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How Should Drones be Integrated into the Airspace?

Seldom has a regulatory body faced the pressures the Federal Aviation Administration feels today to accommodate drones in the National Airspace System (NAS), writes Dave Higdon. But how are they going to achieve it?

Dave Higdon   |   22nd September 2018
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Dave Higdon Dave Higdon

Dave Higdon writes about aviation from his base in Wichita Kansas. During three decades in...
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Seldom has a regulatory body faced the sort of pressures the Federal Aviation Administration feels today to pave a path to accommodate drones in the National Airspace System (NAS), writes Dave Higdon. But how are they going to achieve it…?
 
The explosive growth in UAVs inspires new ideas for their use on a near-daily basis. The pressure on the FAA to open the skies to these machines comes from the drone industry, of course, the numerous entrepreneurs with ideas on how to monetize their use, and the UAV supporters in Congress.
 
But from the start the drone proponents advocated for making the airspace accommodate the vehicles when what's needed is the exact opposite: The drone use should be made to fit into the existing airspace system, with its sundry classifications and surveillance tools and rules.
 
The FAA created its existing rules around advisories that were long in existence and embraced by the organization for hobbyists flying radio-controlled aircraft, the Academy of Model Aeronautics (AMA). And the accommodations worked well for both sides.
 
But drones, with their ease-of-operation, technologies for tracking people, and their abilities to capture high-resolution photos and videos attracted a swarm of new users – those who were largely unfamiliar with airspace rules, and a troubling belief that rules or restrictions need not apply to them.
 
So, in concert with the AMA, the UAS industries and aviation groups representing manned aircraft the FAA promulgated FAR 107, a new rule for non-hobbyist small UAS operations that covers a broad spectrum of commercial uses for drones weighing less than 55 pounds.
 
Registration is required of all drones weighing between 0.55 pounds and 55 pounds, hobbyists included. And some airspace restrictions apply, allowing operations in Class G airspace without ATC permission, while operations in Class B, C, D and E airspace require ATC approval.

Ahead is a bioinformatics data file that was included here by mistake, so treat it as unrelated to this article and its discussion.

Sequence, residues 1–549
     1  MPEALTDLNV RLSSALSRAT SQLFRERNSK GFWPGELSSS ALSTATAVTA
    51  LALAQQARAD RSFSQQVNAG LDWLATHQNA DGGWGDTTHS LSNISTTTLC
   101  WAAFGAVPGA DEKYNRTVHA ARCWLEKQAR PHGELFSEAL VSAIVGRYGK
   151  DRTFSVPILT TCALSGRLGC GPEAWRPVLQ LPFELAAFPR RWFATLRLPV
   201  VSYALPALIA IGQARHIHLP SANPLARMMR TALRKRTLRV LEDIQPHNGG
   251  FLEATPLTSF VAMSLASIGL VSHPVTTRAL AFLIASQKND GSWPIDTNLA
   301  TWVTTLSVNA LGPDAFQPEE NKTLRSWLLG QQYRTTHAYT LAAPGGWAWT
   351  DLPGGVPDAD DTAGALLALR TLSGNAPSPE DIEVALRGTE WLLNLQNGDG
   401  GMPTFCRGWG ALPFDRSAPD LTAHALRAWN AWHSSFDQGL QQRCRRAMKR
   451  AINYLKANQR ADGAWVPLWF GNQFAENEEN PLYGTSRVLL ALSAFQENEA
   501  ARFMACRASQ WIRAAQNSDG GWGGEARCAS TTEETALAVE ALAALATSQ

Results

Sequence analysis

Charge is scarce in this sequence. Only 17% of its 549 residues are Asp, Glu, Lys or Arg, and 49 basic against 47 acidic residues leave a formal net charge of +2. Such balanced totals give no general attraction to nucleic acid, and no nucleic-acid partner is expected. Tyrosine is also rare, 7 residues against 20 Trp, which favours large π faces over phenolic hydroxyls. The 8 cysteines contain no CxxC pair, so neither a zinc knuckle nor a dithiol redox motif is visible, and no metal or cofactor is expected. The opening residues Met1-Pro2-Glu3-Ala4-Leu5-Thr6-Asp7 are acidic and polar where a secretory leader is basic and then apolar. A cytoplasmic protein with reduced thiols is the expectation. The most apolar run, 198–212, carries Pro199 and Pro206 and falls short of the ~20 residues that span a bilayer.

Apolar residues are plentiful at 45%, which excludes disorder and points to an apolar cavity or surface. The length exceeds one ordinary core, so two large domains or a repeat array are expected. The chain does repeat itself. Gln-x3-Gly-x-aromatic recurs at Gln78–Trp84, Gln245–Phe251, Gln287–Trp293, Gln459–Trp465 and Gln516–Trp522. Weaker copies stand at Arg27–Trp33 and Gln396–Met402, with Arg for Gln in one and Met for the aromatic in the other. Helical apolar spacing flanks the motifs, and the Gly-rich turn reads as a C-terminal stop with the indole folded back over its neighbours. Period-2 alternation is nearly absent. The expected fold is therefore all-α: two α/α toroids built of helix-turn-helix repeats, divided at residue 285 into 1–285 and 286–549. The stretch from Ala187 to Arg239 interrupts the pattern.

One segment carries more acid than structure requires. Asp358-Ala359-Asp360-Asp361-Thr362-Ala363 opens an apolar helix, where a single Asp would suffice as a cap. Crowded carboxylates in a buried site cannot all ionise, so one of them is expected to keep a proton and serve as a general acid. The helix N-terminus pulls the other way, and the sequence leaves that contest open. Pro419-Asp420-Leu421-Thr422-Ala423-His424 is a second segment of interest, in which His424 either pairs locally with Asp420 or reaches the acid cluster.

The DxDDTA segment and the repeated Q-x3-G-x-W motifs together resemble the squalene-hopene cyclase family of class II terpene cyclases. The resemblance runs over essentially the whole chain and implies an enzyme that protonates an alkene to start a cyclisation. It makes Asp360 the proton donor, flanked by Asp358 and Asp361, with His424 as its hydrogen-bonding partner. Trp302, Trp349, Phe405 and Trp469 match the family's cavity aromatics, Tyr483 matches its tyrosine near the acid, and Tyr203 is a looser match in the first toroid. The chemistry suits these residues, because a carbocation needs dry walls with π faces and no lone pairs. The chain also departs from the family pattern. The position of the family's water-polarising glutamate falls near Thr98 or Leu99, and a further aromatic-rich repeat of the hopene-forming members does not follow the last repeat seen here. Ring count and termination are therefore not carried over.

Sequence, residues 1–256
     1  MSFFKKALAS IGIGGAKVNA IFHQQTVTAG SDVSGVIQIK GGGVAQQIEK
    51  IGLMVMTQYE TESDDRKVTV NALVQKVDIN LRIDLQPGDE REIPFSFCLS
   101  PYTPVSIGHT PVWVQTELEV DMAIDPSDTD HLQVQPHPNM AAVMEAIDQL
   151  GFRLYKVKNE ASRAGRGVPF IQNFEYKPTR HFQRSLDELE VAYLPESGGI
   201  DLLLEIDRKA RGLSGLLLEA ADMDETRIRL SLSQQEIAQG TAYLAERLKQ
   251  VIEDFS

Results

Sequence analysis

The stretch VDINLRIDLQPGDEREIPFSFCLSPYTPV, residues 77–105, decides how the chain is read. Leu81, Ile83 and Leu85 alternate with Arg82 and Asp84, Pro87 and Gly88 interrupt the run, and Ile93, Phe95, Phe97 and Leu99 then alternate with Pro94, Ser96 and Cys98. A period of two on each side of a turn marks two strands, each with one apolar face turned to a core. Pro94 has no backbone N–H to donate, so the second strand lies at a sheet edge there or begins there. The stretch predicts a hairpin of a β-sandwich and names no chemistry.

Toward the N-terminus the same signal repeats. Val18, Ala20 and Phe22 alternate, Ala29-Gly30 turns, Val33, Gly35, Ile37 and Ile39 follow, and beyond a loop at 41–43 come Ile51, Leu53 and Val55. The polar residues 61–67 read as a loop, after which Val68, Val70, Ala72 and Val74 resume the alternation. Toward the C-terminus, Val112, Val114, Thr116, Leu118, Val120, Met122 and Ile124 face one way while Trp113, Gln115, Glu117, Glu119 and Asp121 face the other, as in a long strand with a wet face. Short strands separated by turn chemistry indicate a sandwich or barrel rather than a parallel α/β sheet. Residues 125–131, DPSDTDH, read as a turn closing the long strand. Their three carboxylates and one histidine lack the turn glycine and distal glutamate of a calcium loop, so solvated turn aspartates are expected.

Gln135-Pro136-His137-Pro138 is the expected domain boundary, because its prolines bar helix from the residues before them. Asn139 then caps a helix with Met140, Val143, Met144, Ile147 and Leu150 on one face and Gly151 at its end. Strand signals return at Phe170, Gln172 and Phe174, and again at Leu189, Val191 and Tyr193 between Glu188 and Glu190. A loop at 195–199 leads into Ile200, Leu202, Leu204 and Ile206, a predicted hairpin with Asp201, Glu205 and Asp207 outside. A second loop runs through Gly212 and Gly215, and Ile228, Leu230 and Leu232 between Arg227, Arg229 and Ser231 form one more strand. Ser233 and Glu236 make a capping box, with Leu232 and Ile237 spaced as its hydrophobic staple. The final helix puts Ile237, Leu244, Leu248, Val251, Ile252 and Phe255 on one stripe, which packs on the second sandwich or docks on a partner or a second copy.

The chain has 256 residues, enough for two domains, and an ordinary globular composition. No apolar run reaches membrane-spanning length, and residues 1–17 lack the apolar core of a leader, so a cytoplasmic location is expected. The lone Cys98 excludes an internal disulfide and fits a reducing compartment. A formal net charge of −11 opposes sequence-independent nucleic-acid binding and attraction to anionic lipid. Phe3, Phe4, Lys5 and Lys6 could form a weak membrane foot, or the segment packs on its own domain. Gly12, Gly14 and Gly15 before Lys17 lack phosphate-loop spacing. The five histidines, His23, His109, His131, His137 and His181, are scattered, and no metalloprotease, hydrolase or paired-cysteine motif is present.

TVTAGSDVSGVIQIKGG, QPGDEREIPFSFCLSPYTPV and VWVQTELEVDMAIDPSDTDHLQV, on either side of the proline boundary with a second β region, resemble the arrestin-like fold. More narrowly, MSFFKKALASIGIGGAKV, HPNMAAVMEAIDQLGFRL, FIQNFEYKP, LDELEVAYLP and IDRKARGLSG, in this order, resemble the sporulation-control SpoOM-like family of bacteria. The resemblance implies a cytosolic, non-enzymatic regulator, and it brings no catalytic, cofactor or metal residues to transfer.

And still the pressure continues from the drone industry and Congress to go further to accommodate drone operations not automatically allowed under FAR 107 (including operations beyond line-of-sight (BVOLS) between the craft and its operator).
 
 
Congress, Industry, Operators Want Faster Change...
 
At Congressional hearings last week leaders from government and industry addressed the ongoing ‘challenges’ of integrating unmanned aircraft and new-generation vertical and short-takeoff air taxis into the National Airspace System.
 
Challenges aren't hurdles to ignore, but elements of safety which must be the FAA's first priority before letting this new industry move full-scale into the NAS.
 
After all, every day hundreds of thousands of peoples transit that airspace expecting that others sharing the airspace know, recognize and adhere to the same rules. That's currently a tall order – yet progress continues, nonetheless.
 
During last week's hearings House aviation subcommittee chairman Frank LoBiondo (R-N.J.) pressed his concern that the FAA needs to stay ahead of this new technology  so the US can maintain its global leadership in aviation against technological advances from Japan and China.
 
Sorry, Congressman, we believe you've got it backward. If Japan and China are already deploying these technologies, the US is already behind. But catching up should be predicated on maintaining an equal-or-better level of safety – not on who's winning the commercial race.
 
Unless, that us, you believe that safety should come second to commercial considerations. Most American's don't share that belief.
 
And besides, the FAA is making progress. The FAA has already issued 1,800 approved waivers for Part 107 commercial unmanned operations for flying at night, over people, BVLOS.
 
Now the drone community is learning what the rest of aviation has long known: The FAA seldom, if ever, moves as fast as commercial interests want.
 
Moving only when the solution is right must supersede moving for the sake of speedily satisfying businesses – particularly for pilotless vehicles mixing in the airspace with manned aircraft.
 
 
 

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Read more about: UAS/UAV/Drones | unmanned drones | FAA | FAA Regulations

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